On cross-examination, Miss Snyder stated that defendant and another boy held her arms while the other boys kissed and fondled her and while one of them committed the unnatural sex act on her.
Without objection, Officer Helm and Investigator Frick, in corroboration, testified as to Miss Snyder's statements to them regarding the unnatural sex act.
Mark Steven Woods, an eyewitness, told the same story without objection.
Defendant himself told of this act but claimed that Miss Snyder was falling to the ground and that all he did was push her up.
*260 The well established rule is that when evidence is admitted over objection, but the same evidence has theretofore or thereafter been admitted without objection, the benefit of the objection is ordinarily lost. 1 Stansbury's, supra, § 30; State v. Little, 278 N.C. 484, 180 S.E.2d 17 (1971); State v. Owens, 277 N.C. 697,178 S.E.2d 442 (1971); State v. Jarrett, 271 N.C. 576, 157 S.E.2d 4 (1967). Defendant here allowed similar evidence without objection and therefore lost the benefit of the objection.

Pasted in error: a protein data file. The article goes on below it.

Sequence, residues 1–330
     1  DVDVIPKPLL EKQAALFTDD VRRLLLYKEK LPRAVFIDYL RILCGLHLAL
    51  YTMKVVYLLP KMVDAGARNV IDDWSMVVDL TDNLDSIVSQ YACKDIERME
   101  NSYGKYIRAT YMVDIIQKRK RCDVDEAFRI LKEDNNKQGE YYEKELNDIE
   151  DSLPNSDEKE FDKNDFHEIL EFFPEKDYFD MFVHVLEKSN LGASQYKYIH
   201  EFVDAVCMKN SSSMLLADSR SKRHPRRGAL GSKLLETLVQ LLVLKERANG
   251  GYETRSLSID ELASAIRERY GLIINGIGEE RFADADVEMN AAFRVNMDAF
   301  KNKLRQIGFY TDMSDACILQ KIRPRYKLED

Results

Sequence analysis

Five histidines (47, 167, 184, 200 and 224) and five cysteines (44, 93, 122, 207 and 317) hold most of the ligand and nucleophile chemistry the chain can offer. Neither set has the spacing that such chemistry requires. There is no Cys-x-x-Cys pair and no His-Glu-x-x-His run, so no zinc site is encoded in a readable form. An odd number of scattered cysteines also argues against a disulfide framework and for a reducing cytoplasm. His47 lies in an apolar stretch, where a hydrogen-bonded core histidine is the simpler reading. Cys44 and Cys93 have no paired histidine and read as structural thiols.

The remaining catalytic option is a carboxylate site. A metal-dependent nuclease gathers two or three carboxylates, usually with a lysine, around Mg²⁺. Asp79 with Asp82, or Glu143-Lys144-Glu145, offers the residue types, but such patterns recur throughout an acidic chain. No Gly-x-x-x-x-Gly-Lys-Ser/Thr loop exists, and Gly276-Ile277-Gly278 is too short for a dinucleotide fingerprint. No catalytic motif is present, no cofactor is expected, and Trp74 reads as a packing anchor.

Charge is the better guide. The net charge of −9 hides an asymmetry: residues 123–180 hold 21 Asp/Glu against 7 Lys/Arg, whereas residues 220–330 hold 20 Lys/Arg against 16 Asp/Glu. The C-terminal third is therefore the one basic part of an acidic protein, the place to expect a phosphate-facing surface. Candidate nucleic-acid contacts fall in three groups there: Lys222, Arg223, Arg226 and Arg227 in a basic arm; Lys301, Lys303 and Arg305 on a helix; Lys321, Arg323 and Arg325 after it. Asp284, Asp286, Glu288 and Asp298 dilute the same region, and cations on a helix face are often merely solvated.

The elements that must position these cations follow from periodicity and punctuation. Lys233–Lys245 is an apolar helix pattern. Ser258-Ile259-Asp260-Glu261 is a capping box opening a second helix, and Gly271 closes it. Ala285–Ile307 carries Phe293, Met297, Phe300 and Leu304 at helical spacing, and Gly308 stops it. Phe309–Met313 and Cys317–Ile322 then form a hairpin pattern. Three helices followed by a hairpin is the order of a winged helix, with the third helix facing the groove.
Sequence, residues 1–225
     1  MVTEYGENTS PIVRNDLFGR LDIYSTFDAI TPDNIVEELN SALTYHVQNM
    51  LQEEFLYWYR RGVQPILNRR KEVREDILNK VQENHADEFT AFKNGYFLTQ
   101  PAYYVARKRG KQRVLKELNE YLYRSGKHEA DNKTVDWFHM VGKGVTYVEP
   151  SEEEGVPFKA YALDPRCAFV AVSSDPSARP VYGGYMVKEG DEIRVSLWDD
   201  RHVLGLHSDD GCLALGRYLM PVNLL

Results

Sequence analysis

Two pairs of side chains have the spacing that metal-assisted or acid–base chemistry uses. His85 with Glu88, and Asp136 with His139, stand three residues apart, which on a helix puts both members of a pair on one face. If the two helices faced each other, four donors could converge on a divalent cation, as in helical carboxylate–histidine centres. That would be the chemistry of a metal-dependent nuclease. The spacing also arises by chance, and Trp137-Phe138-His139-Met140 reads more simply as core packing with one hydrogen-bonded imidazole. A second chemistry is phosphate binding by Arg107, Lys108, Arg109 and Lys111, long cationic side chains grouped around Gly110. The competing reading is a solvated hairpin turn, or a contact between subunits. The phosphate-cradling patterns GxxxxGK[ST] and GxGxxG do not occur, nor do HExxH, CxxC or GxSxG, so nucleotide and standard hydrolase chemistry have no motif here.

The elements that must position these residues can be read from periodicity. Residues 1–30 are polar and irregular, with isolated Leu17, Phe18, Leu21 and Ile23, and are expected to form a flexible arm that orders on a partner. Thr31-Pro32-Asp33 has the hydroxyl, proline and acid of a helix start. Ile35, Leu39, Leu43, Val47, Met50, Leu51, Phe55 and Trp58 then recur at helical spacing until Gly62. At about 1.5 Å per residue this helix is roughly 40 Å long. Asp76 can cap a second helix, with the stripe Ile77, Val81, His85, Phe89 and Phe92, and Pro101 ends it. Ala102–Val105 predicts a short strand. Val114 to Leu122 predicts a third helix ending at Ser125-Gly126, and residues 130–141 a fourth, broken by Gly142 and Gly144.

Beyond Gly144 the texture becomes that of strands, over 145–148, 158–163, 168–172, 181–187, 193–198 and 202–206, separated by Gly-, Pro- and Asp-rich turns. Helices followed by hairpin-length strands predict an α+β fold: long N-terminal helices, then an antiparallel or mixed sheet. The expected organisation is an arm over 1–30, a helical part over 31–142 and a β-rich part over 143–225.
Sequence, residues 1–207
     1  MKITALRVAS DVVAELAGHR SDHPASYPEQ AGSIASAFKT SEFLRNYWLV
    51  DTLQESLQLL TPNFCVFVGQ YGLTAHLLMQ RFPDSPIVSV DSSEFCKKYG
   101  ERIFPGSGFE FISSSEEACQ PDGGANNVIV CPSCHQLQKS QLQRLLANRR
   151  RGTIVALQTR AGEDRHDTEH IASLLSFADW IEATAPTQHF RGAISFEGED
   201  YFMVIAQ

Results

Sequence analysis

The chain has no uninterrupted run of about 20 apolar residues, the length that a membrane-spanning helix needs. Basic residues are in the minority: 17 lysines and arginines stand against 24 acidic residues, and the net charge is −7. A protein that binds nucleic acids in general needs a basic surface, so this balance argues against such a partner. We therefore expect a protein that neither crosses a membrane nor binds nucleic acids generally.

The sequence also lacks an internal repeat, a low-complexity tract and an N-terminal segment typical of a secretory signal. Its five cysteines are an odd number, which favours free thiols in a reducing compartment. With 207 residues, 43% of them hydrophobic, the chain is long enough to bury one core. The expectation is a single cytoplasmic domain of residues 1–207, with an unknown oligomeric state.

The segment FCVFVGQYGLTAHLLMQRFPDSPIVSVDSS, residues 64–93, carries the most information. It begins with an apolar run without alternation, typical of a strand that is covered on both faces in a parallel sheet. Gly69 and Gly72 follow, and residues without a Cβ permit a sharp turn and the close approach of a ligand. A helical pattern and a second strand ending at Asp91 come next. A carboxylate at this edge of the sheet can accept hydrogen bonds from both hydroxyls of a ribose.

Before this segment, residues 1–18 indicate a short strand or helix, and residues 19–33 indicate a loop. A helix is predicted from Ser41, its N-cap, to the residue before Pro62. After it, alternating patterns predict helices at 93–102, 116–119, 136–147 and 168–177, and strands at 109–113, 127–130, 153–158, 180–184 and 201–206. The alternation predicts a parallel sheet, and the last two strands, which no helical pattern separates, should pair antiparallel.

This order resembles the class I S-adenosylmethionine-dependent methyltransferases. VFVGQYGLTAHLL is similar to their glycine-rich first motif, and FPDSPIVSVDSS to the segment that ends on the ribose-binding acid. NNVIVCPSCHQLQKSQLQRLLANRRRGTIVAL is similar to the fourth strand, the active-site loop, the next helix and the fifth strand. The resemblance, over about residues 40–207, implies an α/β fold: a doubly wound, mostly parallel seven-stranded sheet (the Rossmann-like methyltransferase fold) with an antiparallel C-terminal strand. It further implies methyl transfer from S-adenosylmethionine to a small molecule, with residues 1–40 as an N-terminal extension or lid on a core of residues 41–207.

Further, under the facts of this case we think the evidence was admissible even if defendant had promptly objected at each opportunity. Ordinarily, the State cannot offer proof of another crime independent of and distinct from the crime for which the defendant is being prosecuted even though the separate offense is of the same nature as the crime charged. 1 Stansbury's, supra, § 91; State v. Humphrey, 283 N.C. 570, 196 S.E.2d 516 (1973); State v. Atkinson, 275 N.C. 288, 167 S.E.2d 241 (1969); State v. McClain, 240 N.C. 171, 81 S.E.2d 364 (1954). Such evidence is competent, however, to show "`. . . the quo animo, intent, design, guilty knowledge, or scienter, or to make out the res gestae, or to exhibit a chain of circumstances in respect of the matter on trial, when such crimes are so connected with the offense charged as to throw light upon one or more of these questions. [Citations omitted.]'" State v. Jenerett, 281 N.C. 81, 89, 187 S.E.2d 735, 740 (1972), quoting from State v. Atkinson, supra. See 1 Stansbury's, supra, § 92.